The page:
The term ‘Pilates’ refers to a specific type of exercise that concentrates on firming up your body while emphasising core strength. This assists with improving general fitness and overall well-being. Pilates focuses on posture, balance and flexibility. In this type of exercise the chance of injury is much lower as opposed to forms of exercise which are more strenuous.
Pilates practice also focuses on the mind-body connection. This means that while doing the various exercises your mind needs to be continuously aware of your breathing and the way in which your body moves.
A bit more about the mind-body connection
When we speak about the ‘mind-body connection’ our thoughts, feelings, opinions and outlooks can positively or negatively affect healthy our bodies are. This is because the brain and peripheral nervous system, the endocrine and immune systems – in other words all the organs of our body and all the emotional responses we have – share a common chemical language and are constantly communicating with one another.
Conversely, what we do with our physical bodies (in other words what we eat, how much we exercise, even our posture) can have a positive or negative effect our mental state. This means that there is a complex relationship between our minds and bodies.
Besides Pilates, there are a number of mind-body therapies available:
- Patient support groups
- Cognitive-behavioural therapy
- Creative arts therapies (art, music, or dance)
- Tai chi
- Guided imagery
When was Pilates developed?
Pilates was developed by Joseph Pilates, in Germany, who was a carpenter and gymnast. While he was dwelling in the United Kingdom, he developed Pilates as an exercise programme for injured dancers and soldiers. Joseph Pilates was a firm believer in the mind-body connection and he immigrated to the United States in the 1920s. In New York, he opened a Pilates studio.
At the beginning this form of exercise was called Contrology which was Joseph Pilates’ preferred name for his method. It was based on the idea of muscle control. In other words, all exercises are done with control, the muscles work to lift against gravity and the resistance of the springs (if you’re working on a reformer) and thereby you control the movement of the body and the apparatus.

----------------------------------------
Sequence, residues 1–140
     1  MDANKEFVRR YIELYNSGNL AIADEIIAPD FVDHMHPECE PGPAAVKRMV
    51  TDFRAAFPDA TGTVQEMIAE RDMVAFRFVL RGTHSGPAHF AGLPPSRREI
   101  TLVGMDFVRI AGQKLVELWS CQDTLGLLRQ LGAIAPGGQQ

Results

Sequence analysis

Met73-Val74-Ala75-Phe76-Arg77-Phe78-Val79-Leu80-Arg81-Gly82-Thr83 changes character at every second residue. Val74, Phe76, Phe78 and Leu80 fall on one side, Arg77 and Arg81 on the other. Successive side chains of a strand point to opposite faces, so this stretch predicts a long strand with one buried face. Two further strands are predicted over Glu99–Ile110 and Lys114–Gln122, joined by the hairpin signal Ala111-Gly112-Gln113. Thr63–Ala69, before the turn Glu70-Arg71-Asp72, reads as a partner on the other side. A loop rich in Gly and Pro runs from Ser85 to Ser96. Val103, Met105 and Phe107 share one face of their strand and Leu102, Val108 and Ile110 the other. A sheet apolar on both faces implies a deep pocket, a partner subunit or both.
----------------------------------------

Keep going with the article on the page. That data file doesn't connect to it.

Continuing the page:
Why is Pilates so popular?
Pilates is practised by many who like to challenge themselves. This discipline requires a considerable amount of control because the movements are very precise. These movements test your balance as well as your flexibility. Although Pilates focuses quite extensively on the core as well as abdominal and pelvis strengthening each movement involves other muscles.
Pilates consists of a number of movements which are performed consecutively and in controlled fashion – as we said earlier in this article. All the movements must be done according to the book with the correct posture and alignment. This is so that you can reap the full benefits of the exercise. Thus, your Pilates instructor will keep a beady eye on you to make sure that you’re doing what you’re supposed to do.
Pilates is an amazing overall workout. In addition, it provides great health benefits because it makes both your mind and body stronger and additionally improves overall fitness levels. This type of exercise improves your balance, posture, flexibility as well as strengthening and toning muscles. When you pair Pilates with other cardio exercises it becomes a complete physical fitness workout programme.